“Piñera declared war against my grandchildren on national television, deployed the army to shoot and kill them for peacefully protesting (against) their enormous suffering and the people realize there is complicity there and I hear another loud clamor: ‘Resign Piñera,’” Pamela Jiles of the Frente Amplio, a new political force in the Chilean Congress who has lead the impeachment movement, told the Washington Blade.
“My duty as a lawmaker is to constitutionally accuse Piñera, as Humanist Congresswoman Laura Rodríguez would have done, using a parliamentary procedure and a constitutional provision, to turn my back to the elite and face the people,” Jiles explained. “It cannot be anything else because he has already seriously jeopardized the nation’s security, has plunged the country into misgovernment and is the main — although not the only — person responsible for the deaths of those they should have protected.”
Brutal cases of human rights violations allegedly committed by the Chilean armed forces have been reported since the onset of this social revolution. Repression, abuse of power, indiscriminate violence, illegal detentions and deaths prompted U.N. High Commissioner for Human Rights Michelle Bachelet, who is Chile’s former president, to decide to send a team of observers to verify the cases, which include a young gay man who was illegally detained, tortured and sexually abused by the police.
Josué Maureira, a medical student at the Pontifical Catholic University of Chile who was arrested while bringing first aid to injured protesters, claims he was beaten until he was unconscious, mistreated because of his sexual orientation and gender identity, beaten again until his septum was broken, violated with a baton, threatened with death and jailed because of alleged attacks against police officers. The National Human Rights Institution has filed a sexual torture complaint.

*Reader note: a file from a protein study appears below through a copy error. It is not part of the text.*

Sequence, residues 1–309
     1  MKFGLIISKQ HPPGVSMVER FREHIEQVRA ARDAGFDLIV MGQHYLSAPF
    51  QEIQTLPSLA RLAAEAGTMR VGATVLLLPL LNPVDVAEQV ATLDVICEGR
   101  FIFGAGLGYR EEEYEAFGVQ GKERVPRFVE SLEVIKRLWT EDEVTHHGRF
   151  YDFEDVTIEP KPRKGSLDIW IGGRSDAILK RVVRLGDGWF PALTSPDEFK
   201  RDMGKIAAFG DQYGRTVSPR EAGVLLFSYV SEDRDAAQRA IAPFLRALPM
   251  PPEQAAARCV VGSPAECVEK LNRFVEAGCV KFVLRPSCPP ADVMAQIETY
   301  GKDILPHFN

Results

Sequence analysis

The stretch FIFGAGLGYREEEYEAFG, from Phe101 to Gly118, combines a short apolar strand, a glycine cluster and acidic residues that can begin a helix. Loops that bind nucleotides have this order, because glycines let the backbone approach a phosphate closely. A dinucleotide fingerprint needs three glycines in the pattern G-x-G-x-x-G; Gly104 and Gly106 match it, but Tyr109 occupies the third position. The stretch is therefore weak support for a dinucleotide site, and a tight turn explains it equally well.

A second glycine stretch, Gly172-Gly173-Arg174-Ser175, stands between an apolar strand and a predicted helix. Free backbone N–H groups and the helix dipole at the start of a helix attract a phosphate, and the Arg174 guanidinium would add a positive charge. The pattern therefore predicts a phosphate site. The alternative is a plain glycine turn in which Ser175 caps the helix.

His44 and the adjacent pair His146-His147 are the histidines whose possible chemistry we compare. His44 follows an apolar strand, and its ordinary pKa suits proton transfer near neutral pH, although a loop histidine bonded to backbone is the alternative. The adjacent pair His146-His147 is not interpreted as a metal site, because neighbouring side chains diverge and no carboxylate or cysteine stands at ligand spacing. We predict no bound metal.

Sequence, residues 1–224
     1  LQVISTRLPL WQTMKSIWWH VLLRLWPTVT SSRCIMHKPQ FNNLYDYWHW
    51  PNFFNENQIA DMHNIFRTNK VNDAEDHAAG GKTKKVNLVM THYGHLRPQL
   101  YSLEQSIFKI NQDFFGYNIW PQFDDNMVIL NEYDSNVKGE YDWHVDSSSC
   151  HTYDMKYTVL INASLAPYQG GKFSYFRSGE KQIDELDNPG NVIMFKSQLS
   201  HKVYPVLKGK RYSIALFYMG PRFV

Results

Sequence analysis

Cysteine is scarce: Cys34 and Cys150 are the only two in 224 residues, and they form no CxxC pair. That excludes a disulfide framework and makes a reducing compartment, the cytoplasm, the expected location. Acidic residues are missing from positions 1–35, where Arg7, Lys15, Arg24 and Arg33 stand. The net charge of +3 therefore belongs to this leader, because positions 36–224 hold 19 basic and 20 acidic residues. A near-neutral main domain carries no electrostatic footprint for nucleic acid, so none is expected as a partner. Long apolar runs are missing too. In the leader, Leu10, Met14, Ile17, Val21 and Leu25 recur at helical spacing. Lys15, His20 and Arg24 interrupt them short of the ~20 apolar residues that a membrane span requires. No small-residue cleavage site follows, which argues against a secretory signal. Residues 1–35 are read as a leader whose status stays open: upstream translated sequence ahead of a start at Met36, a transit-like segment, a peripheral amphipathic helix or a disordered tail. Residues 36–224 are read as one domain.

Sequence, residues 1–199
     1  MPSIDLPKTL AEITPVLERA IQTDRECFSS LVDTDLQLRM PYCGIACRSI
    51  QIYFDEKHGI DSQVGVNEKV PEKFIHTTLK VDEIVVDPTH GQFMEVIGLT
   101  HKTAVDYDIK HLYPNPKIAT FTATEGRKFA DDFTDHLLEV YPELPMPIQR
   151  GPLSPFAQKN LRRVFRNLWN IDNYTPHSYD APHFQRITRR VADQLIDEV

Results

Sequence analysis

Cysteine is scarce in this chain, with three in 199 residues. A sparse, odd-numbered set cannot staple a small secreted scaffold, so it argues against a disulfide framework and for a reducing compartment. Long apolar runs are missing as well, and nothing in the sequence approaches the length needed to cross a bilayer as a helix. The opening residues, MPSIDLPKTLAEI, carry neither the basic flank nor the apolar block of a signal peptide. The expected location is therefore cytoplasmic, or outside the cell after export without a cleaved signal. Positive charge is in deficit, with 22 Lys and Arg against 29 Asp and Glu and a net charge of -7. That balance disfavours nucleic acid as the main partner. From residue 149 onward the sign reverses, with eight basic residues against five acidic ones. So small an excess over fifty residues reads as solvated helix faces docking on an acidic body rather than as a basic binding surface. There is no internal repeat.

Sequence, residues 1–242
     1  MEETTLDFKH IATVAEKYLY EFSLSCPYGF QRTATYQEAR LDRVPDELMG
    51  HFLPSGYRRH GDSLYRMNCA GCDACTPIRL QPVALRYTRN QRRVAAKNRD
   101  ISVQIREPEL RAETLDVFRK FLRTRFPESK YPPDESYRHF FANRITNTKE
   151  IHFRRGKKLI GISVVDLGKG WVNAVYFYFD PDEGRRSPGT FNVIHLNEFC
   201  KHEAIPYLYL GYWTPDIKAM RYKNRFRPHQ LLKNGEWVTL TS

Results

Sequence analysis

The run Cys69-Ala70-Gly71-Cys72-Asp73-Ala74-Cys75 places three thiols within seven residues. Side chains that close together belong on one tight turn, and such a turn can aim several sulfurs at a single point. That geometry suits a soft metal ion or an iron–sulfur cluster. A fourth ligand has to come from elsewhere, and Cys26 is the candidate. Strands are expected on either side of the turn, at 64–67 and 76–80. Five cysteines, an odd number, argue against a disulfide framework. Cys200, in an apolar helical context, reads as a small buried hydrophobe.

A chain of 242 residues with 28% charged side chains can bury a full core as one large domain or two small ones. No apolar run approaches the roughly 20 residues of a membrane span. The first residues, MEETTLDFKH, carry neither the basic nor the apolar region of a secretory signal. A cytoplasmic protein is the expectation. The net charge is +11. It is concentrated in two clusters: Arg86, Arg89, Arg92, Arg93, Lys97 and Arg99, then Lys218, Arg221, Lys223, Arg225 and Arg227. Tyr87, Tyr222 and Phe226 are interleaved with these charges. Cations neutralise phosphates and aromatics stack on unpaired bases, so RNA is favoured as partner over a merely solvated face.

“The states of emergency authorize the restriction of free movement, but not attempts to take people’s lives. The ‘exit from the crisis’ as the elite likes to say, is only Piñera’s exit. it is our obligation to stop the killing of innocent people,” said Jiles.
Shane Cienfuegos, an activist and investigations coordinator of Colectiva Neutres who in recent weeks has managed to unify the majority of LGBTQ groups, mentioned that “I have been in the streets since the subway evasion, activating constituencies. We summoned all the organizations and more than 50 came. We made a diagnosis and discovered that we were vulnerable.”
A massive demonstration across the country was called for Oct. 25. #LaMarchaMásGrandeDeChile (Chile’s biggest march) was a trending topic on Twitter around the world and television stations across covered the historic protest, which drew more than 1.5 million people. “The other thing that I was going to say, that we have also forgotten to mention, is apart from soccer teams and Chilean flags that are very important, there are many flags from the LGBTQ movement, many people with different sexualities are also present and they are movements that are protesting today and their flags are there in the streets,” interrupted Mónica Rincón, a CNN reporter and LGBTQ ally, on live television.
The majority of Chilean LGBTQ institutions on their social media networks backed the protests, while people of diverse sexualities were deployed in groups to participate. “We went out with a lot of passion and creativity to rise up with force and at the same time claim our rights that have been violated by the Chilean state for decades and go against a neoliberal system that oppresses us,” added Cienfuegos.
Chile in 1999 decriminalized sodomy, and in 2012 enacted an anti-discrimination law — to which activists have pointed as inadequate — and same-sex couples since 2016 have been able to enter into a civil union. A gender identity law that will recognize trans people’s right to identity will take effect in December of this year. There are also public policies that benefit sexual and gender diversity, but however, there is still much to do to win full equality in the country.
“We created a roundtable with 19 civil society organizations with a presence throughout Chile, to be able to work on certain matters of law that need to be modified to be able to ensure recognition, rights and guarantees to the LGBTQ+ community,” said Natalia Castillo, a young member of the Chilean House of Representatives from the leftist Frente Amplio party who is behind a multiparty group for the rights of lesbians, gays, bisexuals, trans and queer called the “Diversity Caucus.”
A marriage equality bill stalled in the Senate’s Constitution Committee more than a year ago. The “Diversity Caucus” led by Castillo, on the other hand, is working on the creation of other legislative initiatives in favor of sexual and gender diversity that will be presented in the coming weeks.
“I think that it is a great opportunity to perfect the anti-discrimination law, to promote a law that penalizes the incitement of hatred, and perhaps, this is the moment that LGBTQ+ people will be compensated by the Chilean state for their historic violation,” Fuica concluded.